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Four Seasons Health Care Group – financial difficulties and safeguards for clients

Published Tuesday, May 21, 2019

This House of Commons Library briefing paper explores the latest developments concerning the financial state of the Four Seasons Health Care Group – the UK’s second largest care home provider – and (for England) the regulatory oversight of strategically important social care providers and the temporary duty of local authorities to meet people’s needs when a provider suffers business failure. A link to the full report in pdf format can be found at the foot of this page.

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On 30 April 2019, Four Seasons Health Care Group announced that the holding companies that carry its debt had entered administration. The Financial Times (FT) described the step as allowing its principal creditor, H/2 Capital Partners, “to sell the business without any ongoing obligations”.

The Group joins the other members of the “Big Four” largest care home providers that are also currently being offered for sale; the FT reported the other members of the “Big Four” – which were put up for sale during the period April to July 2018 – were “struggling to find buyers as a result of a Brexit-related downturn in commercial property sales and a long-term decline in fees paid by local authorities for elderly care”.

Four Seasons Health Care Group emphasised that “the operating companies under which the care home and hospital operations sit are not in administration and continue to be run as normal”. The Government said on 1 May 2019 that the regulator for social care in England, the Care Quality Commission (CQC), was “clear that there is no current risk of service disruption”.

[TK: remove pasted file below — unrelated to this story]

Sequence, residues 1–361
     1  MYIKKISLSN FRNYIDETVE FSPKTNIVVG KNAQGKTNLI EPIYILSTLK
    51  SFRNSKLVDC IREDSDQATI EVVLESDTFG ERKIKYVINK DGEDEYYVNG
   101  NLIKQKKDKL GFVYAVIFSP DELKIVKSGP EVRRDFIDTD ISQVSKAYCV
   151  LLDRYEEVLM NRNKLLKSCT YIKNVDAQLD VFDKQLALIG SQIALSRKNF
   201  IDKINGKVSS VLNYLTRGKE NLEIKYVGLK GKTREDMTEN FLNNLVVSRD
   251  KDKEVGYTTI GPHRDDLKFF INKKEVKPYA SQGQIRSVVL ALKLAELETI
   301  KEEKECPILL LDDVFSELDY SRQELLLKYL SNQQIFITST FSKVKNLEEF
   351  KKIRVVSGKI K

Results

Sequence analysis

Four Seasons Health Care Group has over 250 care homes in the UK, and accounts for 4% of all beds, totalling 17,504 beds across its brands (figures as of May 2018). It provides care home places in both residential and nursing settings for clients who are self-funded or publicly funded (those eligible for either local authority funding support towards the cost of their place, or NHS fully funded care). LaingBuisson noted in July 2018 that the Group had a “high exposure to public pay”, which had negatively impacted its profitability as a result of “government austerity and downward pressure on council paid fee rates”.

The Group was bought in 2012 by Terra Firma, a private equity company run by Guy Hands, a move which involved accumulating a significant amount of debt. However, the current position is that Terra Firma is now only the nominal owner of the Group: the Group’s creditors, in particular H/2 Capital Partners, have taken effective control of the Group since December 2017 after a deal was made for a “standstill agreement” concerning a £26 million interest payment that was due.

This note provides a brief overview of the Group’s business and an overview of developments since Terra Firma acquired it.

For England, it also provides information on the role of the regulator, the Care Quality Commission, in monitoring certain social care providers because of their size, geographic concentration or other factors which would be difficult for one or more local authorities to replace, and therefore where national oversight is required. In addition, the temporary duty of local authorities to meet people’s needs when a provider suffers business failure is highlighted.

More information on the wider care home market can be found in the Library briefing paper, Social care: care home market – structure, issues, and cross-subsidisation (England).

Commons Briefing papers CBP-8004

Author: Tim Jarrett

Topics: Community care, Companies, Older people

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